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Snoeijer J.H.,University of Twente | Brunet P.,CNRS Complex Systems and Materials Laboratory
American Journal of Physics | Year: 2012

A water drop that is gently deposited on a very cold surface freezes into a pointy ice-drop with a very sharp tip. The formation of this singular shape originates from the reduction of mass density during the freezing process and can be explained using a simplified model for which the universal structure of the singularity is revealed in full detail. The combination of a relatively simple, static experiment, and the accessible asymptotic analysis makes this system an ideal introduction to the topic of singularities. © 2012 American Association of Physics Teachers.

Couder Y.,CNRS Complex Systems and Materials Laboratory
Journal of Fluid Mechanics | Year: 2012

By what process can droplets be extracted out of the sea? This is an old problem, well-documented by precise field measurements of the size distribution of the spray aerosols. Lhuissier & Villermaux (J. Fluid Mech., this issue, vol. 696, 2012, pp. 5-44) study and characterize the bursting of an emerging bubble. They show that this single type of event can, by itself, generate the droplet size distributions in a sea spray. This is a remarkable result showing how, in a complex system, a statistical distribution can be entirely produced by the dynamics of one dominant phenomenon. © 2012 Cambridge University Press.

Berret J.-F.,CNRS Complex Systems and Materials Laboratory
Advances in Colloid and Interface Science | Year: 2011

In this review, we address the issue of the electrostatic complexation between charged-neutral diblock copolymers and oppositely charged nanocolloids. We show that nanocolloids such as surfactant micelles and iron oxide magnetic nanoparticles share similar properties when mixed with charged-neutral diblocks. Above a critical charge ratio, core-shell hierarchical structures form spontaneously under direct mixing conditions. The core-shell structures are identified by a combination of small-angle scattering techniques and transmission electron microscopy. The formation of multi-level objects is driven by the electrostatic attraction between opposite charges and by the release of the condensed counterions. Alternative mixing processes inspired from molecular biology are also described. The protocols applied here consist in screening the electrostatic interactions of the mixed dispersions, and then removing the salt progressively as an example by dialysis. With these techniques, the oppositely charged species are intimately mixed before they can interact, and their association is monitored by the desalting kinetics. As a result, sphere- and wire-like aggregates with remarkable superparamagnetic and stability properties are obtained. These findings are discussed in the light of a new paradigm which deals with the possibility to use inorganic nanoparticles as building blocks for the design and fabrication of supracolloidal assemblies with enhanced functionalities. © 2011 Elsevier B.V. All rights reserved.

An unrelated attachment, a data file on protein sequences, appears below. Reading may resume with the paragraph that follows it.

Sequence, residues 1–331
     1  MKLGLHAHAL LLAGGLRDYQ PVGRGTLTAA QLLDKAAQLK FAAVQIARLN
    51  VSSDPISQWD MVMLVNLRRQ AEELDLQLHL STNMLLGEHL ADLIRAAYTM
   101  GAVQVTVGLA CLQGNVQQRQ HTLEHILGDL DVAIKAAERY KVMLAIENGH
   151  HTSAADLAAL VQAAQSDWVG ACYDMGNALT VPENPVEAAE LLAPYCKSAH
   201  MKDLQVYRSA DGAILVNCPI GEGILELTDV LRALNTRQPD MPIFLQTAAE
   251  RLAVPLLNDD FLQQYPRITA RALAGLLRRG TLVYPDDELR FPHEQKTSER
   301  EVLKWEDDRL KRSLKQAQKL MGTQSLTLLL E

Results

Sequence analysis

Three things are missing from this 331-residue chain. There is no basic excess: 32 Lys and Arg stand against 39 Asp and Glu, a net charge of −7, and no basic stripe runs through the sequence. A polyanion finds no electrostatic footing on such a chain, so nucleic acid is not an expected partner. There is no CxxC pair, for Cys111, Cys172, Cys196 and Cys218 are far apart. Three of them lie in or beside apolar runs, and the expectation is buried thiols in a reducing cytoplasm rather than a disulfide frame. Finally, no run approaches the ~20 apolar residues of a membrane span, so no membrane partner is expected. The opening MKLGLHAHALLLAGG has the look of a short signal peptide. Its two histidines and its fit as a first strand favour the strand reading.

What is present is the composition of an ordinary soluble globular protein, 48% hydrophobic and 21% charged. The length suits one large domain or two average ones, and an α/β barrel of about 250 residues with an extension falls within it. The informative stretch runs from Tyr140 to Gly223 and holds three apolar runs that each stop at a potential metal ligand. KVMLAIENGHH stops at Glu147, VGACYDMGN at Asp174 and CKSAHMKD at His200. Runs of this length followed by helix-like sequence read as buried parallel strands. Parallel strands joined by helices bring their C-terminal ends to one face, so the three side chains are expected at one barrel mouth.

Berret J.-F.,CNRS Complex Systems and Materials Laboratory
Nature Communications | Year: 2016

When submitted to a magnetic field, micron-size wires with superparamagnetic properties behave as embedded rheometers and represent interesting sensors for microrheology. Here we use rotational magnetic spectroscopy to measure the shear viscosity of the cytoplasm of living cells. We address the question of whether the cytoplasm is a viscoelastic liquid or an elastic gel. The main result of the study is the observation of a rotational instability between a synchronous and an asynchronous regime of rotation, found for murine fibroblasts and human cancer cells. For wires of susceptibility 3.6, the transition occurs in the range 0.01-1 rad s-1. The determination of the shear viscosity (10-100Pas) and elastic modulus (5-20Pa) confirms the viscoelastic character of the cytoplasm. In contrast to earlier studies, it is concluded that the interior of living cells can be described as a viscoelastic liquid, and not as an elastic gel. © 2016, Nature Publishing Group. All rights reserved.

Brunet P.,CNRS Complex Systems and Materials Laboratory | Brunet P.,CNRS Institute of Electronics, Microelectronics and Nanotechnology
Soft Matter | Year: 2012

We study the size and shape of the final deposit obtained when a drop with colloidal particles has dried on a ultra-hydrophobic surface made of micro-posts. As expected, most of the particles lie inside a circular area, whose radius roughly corresponds to the Laplace pressure threshold for liquid impalement inside the structure (Cassie-Wenzel transition), inducing a coffee-stain deposit due to contact-line pinning. Less expected is the observation of tiny deposits on top of posts in the area external to the main ring, despite the low macroscopic liquid/solid friction. Experiments are carried out varying the concentration in particles and initial volume of drops, in order to determine the influence of these parameters on the size distribution of deposits. A microscopic insight of the tiny deposits is proposed, based on recent experiments of non-volatile liquid sliding drops. © 2012 The Royal Society of Chemistry.

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